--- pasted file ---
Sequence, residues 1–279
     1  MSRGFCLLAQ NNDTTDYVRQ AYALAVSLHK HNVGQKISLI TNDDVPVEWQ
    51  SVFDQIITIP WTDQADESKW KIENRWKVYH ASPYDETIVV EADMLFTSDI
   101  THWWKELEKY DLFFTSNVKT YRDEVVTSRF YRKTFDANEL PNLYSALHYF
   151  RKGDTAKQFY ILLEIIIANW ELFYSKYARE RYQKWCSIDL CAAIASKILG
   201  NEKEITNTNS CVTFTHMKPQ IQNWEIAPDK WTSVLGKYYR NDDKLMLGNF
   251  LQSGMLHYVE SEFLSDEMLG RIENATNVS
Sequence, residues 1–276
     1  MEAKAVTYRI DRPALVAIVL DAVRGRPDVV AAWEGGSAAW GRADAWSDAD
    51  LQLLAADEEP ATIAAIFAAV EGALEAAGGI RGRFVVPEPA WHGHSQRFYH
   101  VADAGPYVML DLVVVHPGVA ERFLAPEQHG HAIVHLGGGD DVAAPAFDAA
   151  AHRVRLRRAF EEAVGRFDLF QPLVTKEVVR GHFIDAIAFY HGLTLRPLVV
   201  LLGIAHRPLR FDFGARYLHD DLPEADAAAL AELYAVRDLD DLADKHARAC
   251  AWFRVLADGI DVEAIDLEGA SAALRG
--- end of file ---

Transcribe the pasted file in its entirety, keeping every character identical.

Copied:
Sequence, residues 1–279
     1  MSRGFCLLAQ NNDTTDYVRQ AYALAVSLHK HNVGQKISLI TNDDVPVEWQ
    51  SVFDQIITIP WTDQADESKW KIENRWKVYH ASPYDETIVV EADMLFTSDI
   101  THWWKELEKY DLFFTSNVKT YRDEVVTSRF YRKTFDANEL PNLYSALHYF
   151  RKGDTAKQFY ILLEIIIANW ELFYSKYARE RYQKWCSIDL CAAIASKILG
   201  NEKEITNTNS CVTFTHMKPQ IQNWEIAPDK WTSVLGKYYR NDDKLMLGNF
   251  LQSGMLHYVE SEFLSDEMLG RIENATNVS
Sequence, residues 1–276
     1  MEAKAVTYRI DRPALVAIVL DAVRGRPDVV AAWEGGSAAW GRADAWSDAD
    51  LQLLAADEEP ATIAAIFAAV EGALEAAGGI RGRFVVPEPA WHGHSQRFYH
   101  VADAGPYVML DLVVVHPGVA ERFLAPEQHG HAIVHLGGGD DVAAPAFDAA
   151  AHRVRLRRAF EEAVGRFDLF QPLVTKEVVR GHFIDAIAFY HGLTLRPLVV
   201  LLGIAHRPLR FDFGARYLHD DLPEADAAAL AELYAVRDLD DLADKHARAC
   251  AWFRVLADGI DVEAIDLEGA SAALRG